Dir. J.A. Bayona
(2012, PG-13, 114 minutes)
My primary concern going into The Impossible was that the film, chronicling the tsunami that devastated Southeast Asia in 2004, would be a whitewash of events, filtering the disaster, which killed a quarter million people throughout the region, through the eyes of affluent Europeans. That concern is partly founded, as this is indeed a film about affluent white Europeans, whose Thailand resort vacation was interrupted by the worst natural disaster in modern history. That in and of itself is not a fault, but in the back of my mind I couldn’t shake the awareness that it casts Thais as secondary characters in their own tragedy, in the background of the story of a family that gets to fly away at the end.
Dir. Clint Eastwood
(2011, R, 137 min)
J. Edgar is an informative film about the growth of the Federal Bureau of Investigation under the leadership of J. Edgar Hoover, but it’s more instructive than passionate. In the last decade, director Clint Eastwood has made reflective, expressive films like Million Dollar Baby and Letters from Iwo Jima with a minimalist style whose economy brought out the power of his subjects; his still waters run deep. With J. Edgar, though he retains the somberness and desaturated tones of his previous work, he doesn’t capture the same intimacy. His characters don’t draw us in as fully, and his more emotional scenes feel as though they’re trying too hard.
Dir. Rodrigo García
(2010, R, 127 min)
★ ★ ½
Mother and Child is a film about adoption that never lets us forget it’s about adoption. It’s the subject of scenes even when it doesn’t make sense for it to be, as when the owner of a high-powered law firm asks his new associate why she never searched for her birth mother, or when, at a family picnic, another character’s step-daughter asks out of nowhere why she’s never searched for the daughter she gave up. We’re not watching characters who have experienced adoption. We’re watching characters written entirely around adoption.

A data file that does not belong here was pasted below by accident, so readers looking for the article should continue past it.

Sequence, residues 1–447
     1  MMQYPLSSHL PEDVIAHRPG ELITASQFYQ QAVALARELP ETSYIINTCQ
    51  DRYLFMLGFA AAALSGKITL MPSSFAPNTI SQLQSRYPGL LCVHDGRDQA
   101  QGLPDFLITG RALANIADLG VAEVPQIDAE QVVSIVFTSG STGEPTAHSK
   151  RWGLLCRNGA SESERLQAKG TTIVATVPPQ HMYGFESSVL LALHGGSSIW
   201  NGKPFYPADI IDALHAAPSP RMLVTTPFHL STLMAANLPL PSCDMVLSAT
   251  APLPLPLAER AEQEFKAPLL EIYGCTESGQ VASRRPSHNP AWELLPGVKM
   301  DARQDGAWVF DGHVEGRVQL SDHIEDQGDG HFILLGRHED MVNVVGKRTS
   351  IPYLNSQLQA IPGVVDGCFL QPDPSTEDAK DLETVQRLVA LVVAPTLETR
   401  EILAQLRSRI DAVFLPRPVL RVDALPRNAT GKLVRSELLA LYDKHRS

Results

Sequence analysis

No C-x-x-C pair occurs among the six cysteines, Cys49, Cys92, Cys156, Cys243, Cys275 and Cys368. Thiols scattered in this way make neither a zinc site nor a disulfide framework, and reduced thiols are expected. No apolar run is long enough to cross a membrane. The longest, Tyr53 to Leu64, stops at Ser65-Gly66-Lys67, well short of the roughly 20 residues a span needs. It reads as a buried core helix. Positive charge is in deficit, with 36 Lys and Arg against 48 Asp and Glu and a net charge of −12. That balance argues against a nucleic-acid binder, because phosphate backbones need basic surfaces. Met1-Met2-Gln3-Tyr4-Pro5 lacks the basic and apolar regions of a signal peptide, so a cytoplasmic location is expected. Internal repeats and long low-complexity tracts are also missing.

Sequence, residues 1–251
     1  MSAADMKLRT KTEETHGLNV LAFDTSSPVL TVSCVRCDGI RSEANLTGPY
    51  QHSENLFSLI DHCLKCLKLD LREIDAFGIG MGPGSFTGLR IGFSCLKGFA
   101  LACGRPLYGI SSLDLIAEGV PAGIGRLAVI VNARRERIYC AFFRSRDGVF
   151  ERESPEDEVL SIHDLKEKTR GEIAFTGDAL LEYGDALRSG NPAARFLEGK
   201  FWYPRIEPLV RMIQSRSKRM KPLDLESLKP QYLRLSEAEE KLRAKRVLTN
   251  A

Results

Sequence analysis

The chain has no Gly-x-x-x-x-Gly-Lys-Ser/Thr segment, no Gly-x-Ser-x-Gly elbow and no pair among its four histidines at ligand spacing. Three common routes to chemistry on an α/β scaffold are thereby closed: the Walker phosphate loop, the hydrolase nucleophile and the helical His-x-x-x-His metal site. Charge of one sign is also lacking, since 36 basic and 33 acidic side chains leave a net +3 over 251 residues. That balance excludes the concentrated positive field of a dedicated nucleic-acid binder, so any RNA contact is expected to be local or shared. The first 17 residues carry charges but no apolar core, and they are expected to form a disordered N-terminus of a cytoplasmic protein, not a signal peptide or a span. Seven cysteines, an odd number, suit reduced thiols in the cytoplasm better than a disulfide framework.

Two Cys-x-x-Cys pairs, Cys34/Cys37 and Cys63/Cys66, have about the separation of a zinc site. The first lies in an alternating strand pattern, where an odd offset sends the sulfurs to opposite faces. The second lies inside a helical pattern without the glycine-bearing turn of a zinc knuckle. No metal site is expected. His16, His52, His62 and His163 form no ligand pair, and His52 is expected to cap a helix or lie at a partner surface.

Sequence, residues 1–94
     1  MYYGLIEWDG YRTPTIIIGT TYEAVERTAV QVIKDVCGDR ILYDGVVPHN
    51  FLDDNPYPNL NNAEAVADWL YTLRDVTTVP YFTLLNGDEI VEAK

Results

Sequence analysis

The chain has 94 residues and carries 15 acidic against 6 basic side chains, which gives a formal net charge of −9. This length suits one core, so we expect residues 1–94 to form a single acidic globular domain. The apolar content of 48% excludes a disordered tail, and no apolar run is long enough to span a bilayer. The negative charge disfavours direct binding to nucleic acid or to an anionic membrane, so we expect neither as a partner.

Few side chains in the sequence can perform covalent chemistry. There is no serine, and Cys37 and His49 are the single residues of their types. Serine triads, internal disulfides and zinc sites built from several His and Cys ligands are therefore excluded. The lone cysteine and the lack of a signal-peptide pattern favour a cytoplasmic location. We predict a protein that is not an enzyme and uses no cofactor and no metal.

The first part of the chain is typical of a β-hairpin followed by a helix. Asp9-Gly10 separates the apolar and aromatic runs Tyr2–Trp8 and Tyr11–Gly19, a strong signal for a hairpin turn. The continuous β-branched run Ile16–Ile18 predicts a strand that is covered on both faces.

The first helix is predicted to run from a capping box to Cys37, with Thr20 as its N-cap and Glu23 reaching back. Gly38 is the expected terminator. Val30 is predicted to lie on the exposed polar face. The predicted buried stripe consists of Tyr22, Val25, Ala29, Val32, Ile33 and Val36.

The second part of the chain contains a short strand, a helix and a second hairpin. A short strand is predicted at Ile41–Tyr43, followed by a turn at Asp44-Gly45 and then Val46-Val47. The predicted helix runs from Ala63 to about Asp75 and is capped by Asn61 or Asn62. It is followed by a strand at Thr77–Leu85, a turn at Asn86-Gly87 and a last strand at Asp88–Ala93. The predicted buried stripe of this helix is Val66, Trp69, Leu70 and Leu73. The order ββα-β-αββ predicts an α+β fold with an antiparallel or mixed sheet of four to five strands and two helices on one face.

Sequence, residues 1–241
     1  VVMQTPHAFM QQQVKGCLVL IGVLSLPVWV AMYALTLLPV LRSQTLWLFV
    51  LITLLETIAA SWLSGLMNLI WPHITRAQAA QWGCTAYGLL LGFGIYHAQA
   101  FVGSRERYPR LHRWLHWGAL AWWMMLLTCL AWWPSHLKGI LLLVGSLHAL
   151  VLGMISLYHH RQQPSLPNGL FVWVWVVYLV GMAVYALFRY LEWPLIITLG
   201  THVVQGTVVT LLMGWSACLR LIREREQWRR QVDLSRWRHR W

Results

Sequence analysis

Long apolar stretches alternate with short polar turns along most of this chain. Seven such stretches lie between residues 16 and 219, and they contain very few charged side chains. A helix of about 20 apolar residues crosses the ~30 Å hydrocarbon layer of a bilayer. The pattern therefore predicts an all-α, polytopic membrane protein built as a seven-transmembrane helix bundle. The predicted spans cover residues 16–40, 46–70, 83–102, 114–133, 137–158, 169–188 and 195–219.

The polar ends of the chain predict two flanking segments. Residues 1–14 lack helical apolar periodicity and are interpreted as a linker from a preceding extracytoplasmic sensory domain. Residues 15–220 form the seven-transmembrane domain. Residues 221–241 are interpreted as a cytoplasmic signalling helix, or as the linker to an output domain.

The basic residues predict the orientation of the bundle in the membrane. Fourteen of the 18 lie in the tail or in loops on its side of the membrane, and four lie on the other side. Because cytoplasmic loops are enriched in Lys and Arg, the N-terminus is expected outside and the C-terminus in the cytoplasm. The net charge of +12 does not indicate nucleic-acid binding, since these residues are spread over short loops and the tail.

Dir. Doug Liman
(2010, PG-13, 108 min)
What’s wrong with Fair Game can best be observed in its depictions of infamous Bush administration officials Scooter Libby and Karl Rove. Libby (David Andrews), whose entrance could as easily have been scored to the Star Wars Darth Vader music, storms into the halls of the CIA, where he demands that someone make the case that Saddam Hussein is acquiring weapons of mass destruction; no one investigating Iraq believes there’s credible evidence, except one zealous half-wit who soon is briefing the President on aluminum rods. Later, Libby and Rove (Adam LeFevre) conspire to ruin covert operative Valerie Plame and her husband Joe Wilson, and they’re so cartoonishly sinister that even a good liberal like me can’t take any satisfaction. All they’re missing are white cats to stroke and mustaches to twirl.
I’ve had a complex relationship with David Lynch ever since I first encountered his 2001 masterpiece Mulholland Drive. I’ve seen it about half a dozen times now, and I’ve sought out other of his films that I’ve loved (The Elephant Man), hated (Eraserhead), or couldn’t decipher one way or another (Blue Velvet, Inland Empire). The only emotion Lynch has never elicited is indifference … Read the rest of my review at Culturazzi.org
Dir. Michael Haneke
I rented Funny Games out of curiosity. They say it killed the cat.